Most of us missed out on a Bonfire Night event last year because of the size restrictions on gatherings. Even though the rules have changed for 2021, and the Government is attempting to slow the spread of coronavirus in other ways, November 5 is unlikely to be ‘normal.’
Indeed, Manchester City Council has announced that the eight free bonfire and firework events it organises will again not take place. However, that doesn’t mean the sky won’t be lit up.
Instead, it’s expected that more people will host their own garden firework display at home to mark Guy Fawkes Night. For them, there will be tidying up to do afterwards.
Are fireworks recyclable?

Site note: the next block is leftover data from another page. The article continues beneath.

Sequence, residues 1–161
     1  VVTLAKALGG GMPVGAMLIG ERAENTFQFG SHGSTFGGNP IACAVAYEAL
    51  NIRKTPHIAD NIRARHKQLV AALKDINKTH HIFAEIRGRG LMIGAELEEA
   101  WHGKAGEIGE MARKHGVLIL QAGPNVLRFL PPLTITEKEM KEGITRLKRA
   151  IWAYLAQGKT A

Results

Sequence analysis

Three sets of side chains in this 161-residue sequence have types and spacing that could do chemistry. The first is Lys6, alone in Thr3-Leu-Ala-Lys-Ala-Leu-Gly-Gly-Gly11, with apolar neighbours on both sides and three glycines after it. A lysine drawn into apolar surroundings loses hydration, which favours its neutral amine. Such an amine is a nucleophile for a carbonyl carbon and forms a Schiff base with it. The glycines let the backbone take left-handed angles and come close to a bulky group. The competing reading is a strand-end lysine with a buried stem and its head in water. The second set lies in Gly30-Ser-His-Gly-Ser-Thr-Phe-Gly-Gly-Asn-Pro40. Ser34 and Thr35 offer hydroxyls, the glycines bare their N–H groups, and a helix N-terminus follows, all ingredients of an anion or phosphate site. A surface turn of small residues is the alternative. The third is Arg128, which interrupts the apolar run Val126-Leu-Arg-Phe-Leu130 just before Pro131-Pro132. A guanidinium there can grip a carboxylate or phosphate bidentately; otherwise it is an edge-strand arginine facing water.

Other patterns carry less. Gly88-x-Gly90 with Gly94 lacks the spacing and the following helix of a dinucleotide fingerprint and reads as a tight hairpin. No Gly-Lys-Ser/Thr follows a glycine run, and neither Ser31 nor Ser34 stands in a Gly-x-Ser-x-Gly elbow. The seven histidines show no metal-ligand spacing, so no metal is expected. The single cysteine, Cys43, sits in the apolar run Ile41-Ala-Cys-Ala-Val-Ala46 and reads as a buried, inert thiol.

In short, no they’re not.
Although they’re often made from materials that are recyclable, the danger and effort involved to separate those small fragments of paper and metal mean it isn’t worth the risk.
Not only that, but chemicals used in the production of most fireworks can contaminate other goods that it is possible to recycle otherwise.
As a result, the advice to follow from most local authorities in the UK is not to throw them into your kerbside recycling bin. Doing so also removes any unnecessary hazards for members of your council’s waste collection team.